He also explains that the stone’s limited production also aids sales in Dubai while lessening the need for international marketing.
“Because the Dubai Cut diamond is meant to reflect the quality, excellence, innovation and vision that is Dubai, we took more than six months and worked with several of the world’s leading jewellery designers and craftsmen to develop (complimenting) lines,” Amit added.
Dubai has done a remarkable job at branding itself as a high-end, affluent and commercially-vibrant city and Amit is aware that the brand integrity of the Dubai Cut is just as important, and must be reflective of the ultimate owners of the intellectual property – the Dubai government.
“Branding for me is sometimes not only the name but the value that comes with the brand. So certainly, the future of diamonds is in branding, not in the name but in the value that comes with the name – the right design; the manufacturer; the make; the certificate; the packaging; the display and so on. All of these aspects will really entice consumers to walk into the store and buy diamonds like they are buying electronics and other stock,” Amit says.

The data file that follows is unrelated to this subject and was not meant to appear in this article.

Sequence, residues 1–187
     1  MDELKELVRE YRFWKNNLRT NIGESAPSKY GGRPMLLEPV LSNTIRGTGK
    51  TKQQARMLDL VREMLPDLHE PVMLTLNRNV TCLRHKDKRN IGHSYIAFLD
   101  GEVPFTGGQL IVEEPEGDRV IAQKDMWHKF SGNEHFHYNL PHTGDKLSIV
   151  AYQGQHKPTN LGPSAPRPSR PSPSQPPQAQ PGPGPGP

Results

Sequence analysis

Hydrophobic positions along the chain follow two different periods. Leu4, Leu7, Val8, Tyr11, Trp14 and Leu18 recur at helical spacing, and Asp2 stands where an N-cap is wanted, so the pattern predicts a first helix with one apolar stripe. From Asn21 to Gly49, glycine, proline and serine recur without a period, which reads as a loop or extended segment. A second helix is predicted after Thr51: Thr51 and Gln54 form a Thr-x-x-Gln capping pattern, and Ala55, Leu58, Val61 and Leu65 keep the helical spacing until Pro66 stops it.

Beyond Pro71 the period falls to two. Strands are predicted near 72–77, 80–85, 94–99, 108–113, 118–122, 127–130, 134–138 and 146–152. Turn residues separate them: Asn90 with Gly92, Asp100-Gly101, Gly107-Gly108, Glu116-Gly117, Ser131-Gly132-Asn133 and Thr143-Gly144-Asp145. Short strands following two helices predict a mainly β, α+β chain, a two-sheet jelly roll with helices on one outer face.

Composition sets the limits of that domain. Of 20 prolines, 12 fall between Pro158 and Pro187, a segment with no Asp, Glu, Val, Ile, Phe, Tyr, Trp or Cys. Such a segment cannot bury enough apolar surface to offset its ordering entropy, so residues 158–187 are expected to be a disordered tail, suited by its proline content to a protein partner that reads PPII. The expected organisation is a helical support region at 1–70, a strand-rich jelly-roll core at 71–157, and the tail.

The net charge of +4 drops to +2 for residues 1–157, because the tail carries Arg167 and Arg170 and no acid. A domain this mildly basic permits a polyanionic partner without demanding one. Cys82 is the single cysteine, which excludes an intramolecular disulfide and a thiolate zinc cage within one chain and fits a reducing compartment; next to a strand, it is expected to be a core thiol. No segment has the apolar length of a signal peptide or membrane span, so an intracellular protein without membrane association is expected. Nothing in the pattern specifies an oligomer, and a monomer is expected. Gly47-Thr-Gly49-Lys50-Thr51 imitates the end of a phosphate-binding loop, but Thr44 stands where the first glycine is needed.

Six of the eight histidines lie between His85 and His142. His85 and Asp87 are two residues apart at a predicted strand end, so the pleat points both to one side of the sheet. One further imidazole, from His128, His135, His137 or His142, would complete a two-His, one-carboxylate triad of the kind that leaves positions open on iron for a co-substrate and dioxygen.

He believes most jewellery is not being packaged properly, and that the brand is not clearly defined, which is why consumers are buying other products. “Certainly in this aspect, branding is our future and I really urge all of the jewellers globally to see what they can do in their company,” Amit said, adding, “It’s not important to spend dollars to just go out and do branding.
Branding is all about transforming the value of the company, the product and giving this message to the customer. That is, for me, all the branding that can be done in diamonds.”
So, is the diamond helping to market Dubai or is Dubai helping market the diamond? A little like the age-old conundrum, does it much matter if the chicken or the egg came first?
About the author:
Coleby Nicholson is editor of Jeweller, the leading business-to-business magazine for the Australian and New Zealand jewellery industries. www.jewellermagazine.com
More reading: Proprietary diamond cuts